As you can see from the box, this set includes:

  1. a child in a wheelchair
  2. a man pushing a baby in a pram
  3. a man playing in the park with kids
  4. a woman mowing lawns
  5. a woman painting

And it wasn’t just me who liked this set.

My eight year old son was happy about the wheelchair and bike, and said he wants this set.

My fifteen year old daughter loved it – her own words were that it is great to see inclusive Lego and it was her who noticed the women working and a man caring for children. She nearly bought it for herself and left thinking about getting it next time…

My six year old was over the moon about there being a baby and a pram (she is obsessed with babies, as noted in her preference for a baby Lego advent calendar!)

I am proud my kids appreciated the value of this set – I might just have to give it as a combined Christmas present this year!

Would you look for this set to give any Lego fans in your life?

* I still can’t find this set online in Australia, but hopefully it will come to Aussie online toy stores soon, too.o

Inclusive Lego is on the way :)

Lego presents udner a Christmas tree beside Santa's chair

The stage is set for Santa… {from the Lego City 2015 Advent calendar}

So this isn’t really a Christmas post, but I thought it was something worth sharing anyway!

And who knows, maybe it will have an impact on this year’s Lego Advent Calendars as well…

Lego’s new characters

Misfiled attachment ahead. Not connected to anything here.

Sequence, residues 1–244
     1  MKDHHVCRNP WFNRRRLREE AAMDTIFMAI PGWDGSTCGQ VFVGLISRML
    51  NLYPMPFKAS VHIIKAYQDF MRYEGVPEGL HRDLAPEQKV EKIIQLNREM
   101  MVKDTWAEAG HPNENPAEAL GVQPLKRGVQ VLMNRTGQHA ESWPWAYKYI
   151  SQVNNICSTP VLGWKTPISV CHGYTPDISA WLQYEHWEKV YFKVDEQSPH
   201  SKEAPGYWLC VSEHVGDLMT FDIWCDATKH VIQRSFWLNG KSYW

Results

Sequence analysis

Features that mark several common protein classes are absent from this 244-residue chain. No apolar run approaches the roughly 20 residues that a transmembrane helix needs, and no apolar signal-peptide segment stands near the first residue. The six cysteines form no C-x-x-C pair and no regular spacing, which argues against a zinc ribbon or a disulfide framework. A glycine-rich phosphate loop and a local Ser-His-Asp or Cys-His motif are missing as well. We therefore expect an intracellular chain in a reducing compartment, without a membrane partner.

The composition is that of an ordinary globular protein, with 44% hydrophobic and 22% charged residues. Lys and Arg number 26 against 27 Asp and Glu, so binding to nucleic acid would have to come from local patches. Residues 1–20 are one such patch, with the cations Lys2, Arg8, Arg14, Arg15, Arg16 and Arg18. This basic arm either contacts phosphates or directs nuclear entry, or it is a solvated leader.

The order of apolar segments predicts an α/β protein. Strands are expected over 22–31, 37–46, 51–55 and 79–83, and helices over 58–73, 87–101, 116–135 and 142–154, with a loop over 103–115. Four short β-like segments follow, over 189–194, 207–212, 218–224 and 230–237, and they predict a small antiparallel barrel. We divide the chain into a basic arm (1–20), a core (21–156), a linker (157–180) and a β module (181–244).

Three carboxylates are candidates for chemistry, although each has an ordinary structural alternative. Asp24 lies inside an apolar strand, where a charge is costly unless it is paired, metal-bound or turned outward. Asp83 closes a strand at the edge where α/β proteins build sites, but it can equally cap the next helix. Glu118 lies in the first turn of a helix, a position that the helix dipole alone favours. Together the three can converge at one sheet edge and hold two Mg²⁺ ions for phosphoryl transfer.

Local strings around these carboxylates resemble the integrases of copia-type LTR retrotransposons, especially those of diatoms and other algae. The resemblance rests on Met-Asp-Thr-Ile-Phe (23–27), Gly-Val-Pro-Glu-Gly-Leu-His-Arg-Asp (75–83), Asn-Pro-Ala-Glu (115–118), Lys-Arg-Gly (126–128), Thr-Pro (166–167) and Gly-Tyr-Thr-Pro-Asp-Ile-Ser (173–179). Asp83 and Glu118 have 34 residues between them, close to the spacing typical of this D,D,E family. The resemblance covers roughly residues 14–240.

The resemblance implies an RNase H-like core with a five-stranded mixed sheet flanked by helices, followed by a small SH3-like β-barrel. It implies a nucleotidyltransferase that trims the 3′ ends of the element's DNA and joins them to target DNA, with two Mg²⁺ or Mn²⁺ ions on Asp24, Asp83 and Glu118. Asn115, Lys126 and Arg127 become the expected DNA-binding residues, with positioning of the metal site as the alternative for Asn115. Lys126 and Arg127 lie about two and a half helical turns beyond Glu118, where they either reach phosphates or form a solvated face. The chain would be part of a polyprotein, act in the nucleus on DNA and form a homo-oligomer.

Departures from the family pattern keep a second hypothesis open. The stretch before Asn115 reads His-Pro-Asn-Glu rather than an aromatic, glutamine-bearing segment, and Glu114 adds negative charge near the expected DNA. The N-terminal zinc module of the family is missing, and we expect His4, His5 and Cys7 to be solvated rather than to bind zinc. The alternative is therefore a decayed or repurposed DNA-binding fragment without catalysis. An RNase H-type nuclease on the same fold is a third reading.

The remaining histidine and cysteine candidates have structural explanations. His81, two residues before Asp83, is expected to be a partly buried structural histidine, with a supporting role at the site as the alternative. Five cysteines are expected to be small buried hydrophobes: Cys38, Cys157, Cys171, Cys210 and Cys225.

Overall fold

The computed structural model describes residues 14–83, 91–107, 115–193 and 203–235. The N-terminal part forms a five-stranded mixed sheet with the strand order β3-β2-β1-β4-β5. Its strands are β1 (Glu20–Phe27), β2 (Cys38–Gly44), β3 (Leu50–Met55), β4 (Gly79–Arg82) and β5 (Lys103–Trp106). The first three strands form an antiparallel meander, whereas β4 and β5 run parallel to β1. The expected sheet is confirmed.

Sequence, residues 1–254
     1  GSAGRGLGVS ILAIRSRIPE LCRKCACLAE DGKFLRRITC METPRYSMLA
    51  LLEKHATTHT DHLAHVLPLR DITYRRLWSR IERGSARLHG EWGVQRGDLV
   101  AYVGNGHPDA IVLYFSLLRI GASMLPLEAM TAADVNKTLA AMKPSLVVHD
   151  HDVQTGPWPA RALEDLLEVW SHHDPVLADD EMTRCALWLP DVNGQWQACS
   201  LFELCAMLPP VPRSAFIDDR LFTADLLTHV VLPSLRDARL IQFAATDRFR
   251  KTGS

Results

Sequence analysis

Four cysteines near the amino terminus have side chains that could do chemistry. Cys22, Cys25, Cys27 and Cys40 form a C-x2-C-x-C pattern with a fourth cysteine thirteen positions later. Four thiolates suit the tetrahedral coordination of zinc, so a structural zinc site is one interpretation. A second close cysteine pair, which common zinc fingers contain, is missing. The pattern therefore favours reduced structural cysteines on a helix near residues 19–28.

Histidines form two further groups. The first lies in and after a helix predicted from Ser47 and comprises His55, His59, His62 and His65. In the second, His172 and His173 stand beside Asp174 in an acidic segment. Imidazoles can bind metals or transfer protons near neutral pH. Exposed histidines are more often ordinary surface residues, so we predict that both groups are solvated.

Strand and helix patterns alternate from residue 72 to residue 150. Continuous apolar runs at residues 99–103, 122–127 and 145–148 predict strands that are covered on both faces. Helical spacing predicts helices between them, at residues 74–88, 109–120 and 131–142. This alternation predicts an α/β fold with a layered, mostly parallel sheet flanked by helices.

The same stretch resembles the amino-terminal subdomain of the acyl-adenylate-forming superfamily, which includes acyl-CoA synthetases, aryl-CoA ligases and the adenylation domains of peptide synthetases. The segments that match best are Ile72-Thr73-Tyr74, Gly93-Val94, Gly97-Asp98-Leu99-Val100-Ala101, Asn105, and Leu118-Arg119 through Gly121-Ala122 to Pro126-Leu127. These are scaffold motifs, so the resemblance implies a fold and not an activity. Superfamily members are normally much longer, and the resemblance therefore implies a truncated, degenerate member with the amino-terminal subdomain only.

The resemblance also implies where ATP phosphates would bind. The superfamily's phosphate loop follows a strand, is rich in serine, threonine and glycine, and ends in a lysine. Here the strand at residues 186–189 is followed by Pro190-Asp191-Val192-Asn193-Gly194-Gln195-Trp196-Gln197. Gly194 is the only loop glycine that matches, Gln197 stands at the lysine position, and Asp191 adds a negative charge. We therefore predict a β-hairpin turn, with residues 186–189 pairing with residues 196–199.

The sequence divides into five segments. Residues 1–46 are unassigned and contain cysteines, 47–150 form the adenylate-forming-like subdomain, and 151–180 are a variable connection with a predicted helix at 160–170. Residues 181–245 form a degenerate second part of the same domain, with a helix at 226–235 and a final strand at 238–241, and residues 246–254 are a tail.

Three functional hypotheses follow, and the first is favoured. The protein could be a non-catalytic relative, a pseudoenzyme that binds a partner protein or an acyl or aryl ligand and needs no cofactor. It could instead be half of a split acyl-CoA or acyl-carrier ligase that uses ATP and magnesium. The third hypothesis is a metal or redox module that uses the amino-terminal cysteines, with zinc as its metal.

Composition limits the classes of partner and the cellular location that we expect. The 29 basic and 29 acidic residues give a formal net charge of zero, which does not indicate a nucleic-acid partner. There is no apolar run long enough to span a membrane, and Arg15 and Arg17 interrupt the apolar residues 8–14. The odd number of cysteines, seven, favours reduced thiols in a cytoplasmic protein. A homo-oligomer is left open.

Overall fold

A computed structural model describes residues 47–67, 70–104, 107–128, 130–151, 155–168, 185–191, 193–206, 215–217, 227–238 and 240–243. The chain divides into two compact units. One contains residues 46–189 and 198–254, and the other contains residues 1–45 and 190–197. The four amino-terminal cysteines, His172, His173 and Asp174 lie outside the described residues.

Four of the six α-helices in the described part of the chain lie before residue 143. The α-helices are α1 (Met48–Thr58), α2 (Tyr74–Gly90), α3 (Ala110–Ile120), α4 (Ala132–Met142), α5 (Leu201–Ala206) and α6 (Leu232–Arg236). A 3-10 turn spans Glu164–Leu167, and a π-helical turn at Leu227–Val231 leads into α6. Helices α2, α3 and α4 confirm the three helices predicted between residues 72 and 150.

I haven’t been able to find these on the main Lego site, the Lego Facebook page or at any online toy stores but at a toy fair in Germany, Lego has shown two new Lego characters in their City range. One is a boy in a wheelchair and one is a stay at home Dad (complete with pram and baby bottle!)

So what’s the big deal?

Having toys (as well as books and other media kids interact with) include the variety of human situations is important to my mind. For one thing, if kids can see themselves in their toys, they feel normal and accepted – why should all dolls be white skinned and blonde for example when there is such a range of skin and hair colours amongst us? Just like it’s ok for kids to see a Dad caring for a baby and non-nuclear family types.

And even for those kids who already represented by their toys, seeing other people represented helps those kids accept differences in real people, too. Teaching kids acceptance and tolerance is really important – and a key step towards peace.

Giving the new Lego

As I said above, I can’t find the Lego online so I’m not sure when they will be generally available to purchase – hopefully they will be around in time for Christmas though. According to CNN, they will be released in June and hopefully that includes in Australia.

I also don’t know what the set is like, so it may not appeal to lots of kids (eg a wheelchair bound witness in a cop set will probably sell better than a wheelchair kid washing dishes!) but I hope we do get a number of disabled people turning up in general sets from now on.

I won’t make a big fuss about the wheelchair; rather, I will just give the relevant set to my kids in the way I’d give them any other Lego to make the point it is normal.